Fugitive Killer Captured After Evading 500 Cops During 13-Day Manhunt in Pennsylvania
Here is the latest on Danelo Cavalcante.
The manhunt for Pennsylvania fugitive Danelo Cavalcante has captivated the nation. The convicted killer had been on the lam for 13 days and counting. But this morning, he was caught. "A convicted murderer who escaped from a Pennsylvania jail and eluded hundreds of law enforcement officers for almost two weeks in quiet, wooded communities outside Philadelphia has been recaptured, the authorities said on Wednesday morning," reports the New York Times. "Officials were expected to release more details later in the morning. The fugitive, Danelo Cavalcante, 34, clambered up a wall and made his way out of Chester County Prison on Aug. 31, nine days after he was sentenced to life in prison for first-degree murder in the April 2021 killing of his former girlfriend." Here are the latest updates and what you need to know about the dangerous fugitive.
Danelo Cavalcante was convicted of murdering his girlfriend, Deborah Brandão, outside of her home in front of her two children on April 18, 2021. He arrived at her home grabbed her by her hair, "threw her to the ground, and stabbed her 38 times in virtually every vital organ … causing her to bleed to death," the Chester County district attorney's office said. After the stabbing, her daughter, 7, told police Cavalcante showed up at their house and "said he was going to do something bad to their lives and pulled two knives out from a black bag that was behind his back," according to a probable cause affidavit.
Cavalcante broke out of the Chester County Prison on August 31, "crab walking" between two walls, scaling a fence, and traversing across razor wire. The prison guard on duty at the time has been fired.
Currently over 500 law enforcement members from several different agencies are assisting in the manhunt, according to Pennsylvania State Police. Lt. Col. George Bivens of the Pennsylvania State Police maintains that "nothing has gone wrong" during the search so far, adding, "I believe we will be successful in the long run."
According to Bivens, Cavalcante "is considered armed and extremely dangerous" and they believe he is "desperate enough" to use the stolen rifle. People living in the search perimeter have been asked to secure their homes.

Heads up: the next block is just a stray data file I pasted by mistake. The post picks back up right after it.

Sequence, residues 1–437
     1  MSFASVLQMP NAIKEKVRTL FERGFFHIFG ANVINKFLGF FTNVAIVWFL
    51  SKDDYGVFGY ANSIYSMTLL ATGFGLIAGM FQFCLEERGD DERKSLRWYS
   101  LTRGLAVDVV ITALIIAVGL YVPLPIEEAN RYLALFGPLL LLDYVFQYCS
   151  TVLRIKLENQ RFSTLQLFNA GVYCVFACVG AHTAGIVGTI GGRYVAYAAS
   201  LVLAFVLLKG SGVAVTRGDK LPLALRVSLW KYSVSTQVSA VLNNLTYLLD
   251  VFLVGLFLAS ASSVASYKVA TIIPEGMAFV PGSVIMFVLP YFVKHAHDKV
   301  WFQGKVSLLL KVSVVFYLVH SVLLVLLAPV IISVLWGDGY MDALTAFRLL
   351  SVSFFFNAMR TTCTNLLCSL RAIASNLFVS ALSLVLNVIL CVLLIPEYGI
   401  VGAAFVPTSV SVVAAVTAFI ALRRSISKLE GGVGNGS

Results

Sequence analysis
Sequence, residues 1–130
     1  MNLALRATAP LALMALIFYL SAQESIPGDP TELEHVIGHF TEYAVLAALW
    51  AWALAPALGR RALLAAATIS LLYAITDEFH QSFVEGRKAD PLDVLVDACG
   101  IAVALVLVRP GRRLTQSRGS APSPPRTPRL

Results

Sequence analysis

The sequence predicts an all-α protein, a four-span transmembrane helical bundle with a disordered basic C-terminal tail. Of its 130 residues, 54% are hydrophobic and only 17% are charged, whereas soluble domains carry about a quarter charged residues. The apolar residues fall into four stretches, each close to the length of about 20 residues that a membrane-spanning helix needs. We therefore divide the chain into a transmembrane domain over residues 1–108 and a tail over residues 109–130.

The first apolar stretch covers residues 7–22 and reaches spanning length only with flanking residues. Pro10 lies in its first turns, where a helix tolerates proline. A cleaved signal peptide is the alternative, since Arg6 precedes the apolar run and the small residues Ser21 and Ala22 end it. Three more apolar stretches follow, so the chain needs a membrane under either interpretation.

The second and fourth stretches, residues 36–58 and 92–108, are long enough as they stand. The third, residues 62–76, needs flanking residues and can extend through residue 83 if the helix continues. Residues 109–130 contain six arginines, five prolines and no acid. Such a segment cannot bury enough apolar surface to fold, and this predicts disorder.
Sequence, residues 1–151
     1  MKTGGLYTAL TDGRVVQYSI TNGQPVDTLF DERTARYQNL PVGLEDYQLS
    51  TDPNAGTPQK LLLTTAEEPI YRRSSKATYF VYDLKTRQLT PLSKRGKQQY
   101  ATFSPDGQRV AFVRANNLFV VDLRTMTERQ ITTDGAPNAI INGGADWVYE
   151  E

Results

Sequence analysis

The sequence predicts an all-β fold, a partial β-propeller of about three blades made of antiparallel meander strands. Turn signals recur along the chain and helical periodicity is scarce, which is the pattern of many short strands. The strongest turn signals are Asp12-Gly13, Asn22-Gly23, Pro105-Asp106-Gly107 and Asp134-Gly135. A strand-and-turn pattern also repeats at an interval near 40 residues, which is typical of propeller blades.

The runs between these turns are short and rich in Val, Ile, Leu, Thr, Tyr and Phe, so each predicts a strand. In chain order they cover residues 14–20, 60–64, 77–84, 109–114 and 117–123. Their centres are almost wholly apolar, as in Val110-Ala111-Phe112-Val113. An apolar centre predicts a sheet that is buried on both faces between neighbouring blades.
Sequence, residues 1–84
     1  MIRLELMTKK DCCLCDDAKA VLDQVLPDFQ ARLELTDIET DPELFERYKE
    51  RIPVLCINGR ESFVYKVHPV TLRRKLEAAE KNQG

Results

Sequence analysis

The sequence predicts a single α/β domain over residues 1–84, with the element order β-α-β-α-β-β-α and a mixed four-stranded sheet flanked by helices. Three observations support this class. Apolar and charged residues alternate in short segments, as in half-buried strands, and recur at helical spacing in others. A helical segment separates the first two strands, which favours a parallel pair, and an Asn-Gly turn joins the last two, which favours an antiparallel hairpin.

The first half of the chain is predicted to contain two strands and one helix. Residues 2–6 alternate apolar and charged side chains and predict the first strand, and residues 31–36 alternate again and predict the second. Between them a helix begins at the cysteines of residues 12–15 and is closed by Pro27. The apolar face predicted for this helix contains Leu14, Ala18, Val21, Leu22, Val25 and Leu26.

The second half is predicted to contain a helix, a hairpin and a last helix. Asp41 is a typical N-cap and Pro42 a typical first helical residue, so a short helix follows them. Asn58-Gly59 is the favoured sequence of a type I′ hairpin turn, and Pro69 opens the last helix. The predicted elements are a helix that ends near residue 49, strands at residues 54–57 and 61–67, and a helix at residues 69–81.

Police have identified footprints belonging to Cavalcante over the past 13 days. At one point he had stolen a vehicle. They also found prison shoes and believe he stole a pair of boots from someone's porch.
According to Bivens, one of the biggest challenges in the search area is that it is a large, densely wooded area. He also claims it has been difficult to secure a search parameter because it had a "massive" underground tunnel system, large drainage ditches and thick vegetation.
A "short Hispanic male, no shirt, and wearing dark pants had entered his garage while the homeowner was in it," according to a 911 call on Monday. Cavalcante took a .22 rifle that was leaning in the corner of the garage and escaped after the homeowner drew a pistol and fired at him. Police believe he left behind a green sweatshirt and white t-shirt he had been wearing.
"There is no blood or anything on sight that leads us to believe that [the homeowner] wounded Cavalcante — it was just enough to force Cavalcante to back out of the premises and back out into the woods," Lt Col. George Bivens told CNN Tuesday.
Dog the Bounty Hunter may join the hunt. Sources close to the reality star told TMZ that Dog's been "monitoring" the Danelo Cavalcante case for a while now, "and we're told he's actively keeping tabs on any developments," they say. According to sources, "Dog has been making a lot of phone calls over the past several days — both to law enforcement sources he knows in PA and contacts he has elsewhere — in order to get up to speed on the situation." He is even "considering flying out to Chester County as early as this week to get boots on the ground in the search for Danelo."
Iracema Cavalcante insists her son, even if armed, "did not pose a threat to anyone." He is just fighting to survive, she said, as he has for much of his life. "His training was his suffering," she said in her first interview. "It was going to sleep hungry, it was waking up as I wondered what to feed them."